London's Square Mile feeling squeeze as business shrinks

By Kevin Crowley, Ambereen Choudhury

London's banks face falling trading revenue, attacks from politicians to reduce pay and more job cuts. Photo / Thinkstock
London's banks face falling trading revenue, attacks from politicians to reduce pay and more job cuts. Photo / Thinkstock

London's Square Mile is shrinking faster than any financial centre in the world.

Having fired more employees than in any other country last year, the capital's banks face falling trading revenue, attacks from politicians to reduce pay and more job cuts. The British Government wants banks to split their consumer and investment banking units while European Union leaders are pushing to tax individual trades by the end of this year.

"We're going to end up with a smaller, more focused financial sector," said Michael Kirkwood, 64, former head of Citigroup's British division, who began his career in the Square Mile in 1965. "The entire financial world became too bloated in the run up to the financial crisis, and London was excessively bloated."

London, the world's biggest centre for foreign-exchange trading, cross-border bank lending and interest-rate derivatives, is being squeezed by both the impact of the European sovereign-debt crisis on demand for its services and politicians who blame financiers for bringing the world economy to the brink of collapse.

Banks are responding to the Basel Committee on Banking Supervision's latest rules by exiting capital-intensive activities such as proprietary trading, putting at risk Britain's biggest exporting industry and 12 per cent of its tax receipts.

Royal Bank of Scotland, which got the world's biggest bank bailout, said last week it would close its equities and corporate finance units, cutting as many as 3500 jobs.

RBS has already cut 30,000 jobs since it was bailed out by the Government in 2008 and 2009, costing £45.5 billion ($87.7 billion).

British financial-services firms eliminated 58,000 jobs last year, more than any other country in the world and 45 per cent of the cutbacks announced by all western European banks, according to Bloomberg data.

The numbers include worldwide cuts by British-based financial companies such as HSBC Holdings and exclude reductions in London by overseas banks such as Credit Suisse.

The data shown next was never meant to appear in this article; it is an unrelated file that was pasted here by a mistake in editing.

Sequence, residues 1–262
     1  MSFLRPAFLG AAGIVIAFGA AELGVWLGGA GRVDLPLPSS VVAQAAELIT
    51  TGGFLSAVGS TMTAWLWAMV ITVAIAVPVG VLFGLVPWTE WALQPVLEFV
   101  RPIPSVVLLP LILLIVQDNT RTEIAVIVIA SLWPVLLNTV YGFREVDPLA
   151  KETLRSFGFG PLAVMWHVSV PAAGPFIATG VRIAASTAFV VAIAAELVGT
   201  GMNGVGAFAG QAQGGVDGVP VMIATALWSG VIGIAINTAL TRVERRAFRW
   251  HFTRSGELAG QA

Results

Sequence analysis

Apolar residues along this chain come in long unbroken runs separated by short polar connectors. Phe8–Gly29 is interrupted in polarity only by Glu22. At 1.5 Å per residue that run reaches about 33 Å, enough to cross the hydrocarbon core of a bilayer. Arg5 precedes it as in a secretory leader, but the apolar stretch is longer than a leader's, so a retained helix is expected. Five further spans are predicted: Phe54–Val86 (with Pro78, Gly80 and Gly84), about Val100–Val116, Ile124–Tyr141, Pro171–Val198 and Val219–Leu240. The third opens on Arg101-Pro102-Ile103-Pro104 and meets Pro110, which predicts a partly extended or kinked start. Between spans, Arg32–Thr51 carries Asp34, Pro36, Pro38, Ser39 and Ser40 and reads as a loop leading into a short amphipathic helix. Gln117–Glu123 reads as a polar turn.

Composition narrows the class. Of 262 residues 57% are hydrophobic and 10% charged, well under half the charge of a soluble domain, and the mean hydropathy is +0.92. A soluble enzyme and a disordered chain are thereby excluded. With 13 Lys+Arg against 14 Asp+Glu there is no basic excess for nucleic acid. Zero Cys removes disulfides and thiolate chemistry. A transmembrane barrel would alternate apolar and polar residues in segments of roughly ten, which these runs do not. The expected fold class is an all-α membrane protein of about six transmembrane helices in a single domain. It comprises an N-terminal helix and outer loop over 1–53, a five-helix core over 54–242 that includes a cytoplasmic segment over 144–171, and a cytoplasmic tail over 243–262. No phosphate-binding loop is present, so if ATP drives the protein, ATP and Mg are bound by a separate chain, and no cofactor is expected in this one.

Employment for London's bankers fell 8.5 per cent last year compared with 2010 and over the next two years will remain below 1998 levels, according to the Centre for Economics & Business Research. United States finance jobs fell 1.7 per cent in the same period, according to headhunting firm Challenger, Gray & Christmas, citing US Bureau of Labor statistics.

The industry's contribution to British gross domestic product shrank from 2009 to 2010, the first time in a decade, according to lobby group TheCityUK, which cited data from the Office of National Statistics. Financial services dropped to 8.9 per cent of GDP in 2010, the latest data available, from 10.1 per cent in 2009. That's still up from 5.2 per cent of GDP in 2000.

The shrinking financial sector is lowering Britain's tax revenue, according to TheCityUK. Financial services paid £63 billion in taxes last year, or 12 per cent of total revenue, it said, citing data from PricewaterhouseCoopers and the City of London Corporation. In 2007 the industry contributed 14 per cent of tax receipts.

Tax revenue is being squeezed because banks are making lower profits. Basel III's capital and liquidity rules will cut investment banks' return on equity to 7 per cent from 20 per cent, says a September report by New York-based McKinsey & Co. That will reduce profit after tax to US$30 billion ($37.1 billion from US$40 billion for the biggest 13 banks, it said. Ian Baggs of Ernst and Young in London said banks were focusing on achieving a high volume of trades with client money in markets such as interest-rate swaps rather than proprietary trading, which uses the bank's own money to take positions and carries a high regulatory capital requirement.

UBS, hit by a US$2.3 billion trading loss in London, announced a plan in November to shrink its investment bank to focus on wealth management at a cost of 2000 jobs. It plans to exit asset securitisation, complex structured products, macro-directional trading and equity proprietary trading.

The investment bank's European headquarters is in London and it employs about 7000 people in Britain.

In the first quarter of last year, bank executives planned to cut costs by 10 per cent to 15 per cent to boost return on equity targets, Baggs said. Now they're targeting 40 per cent.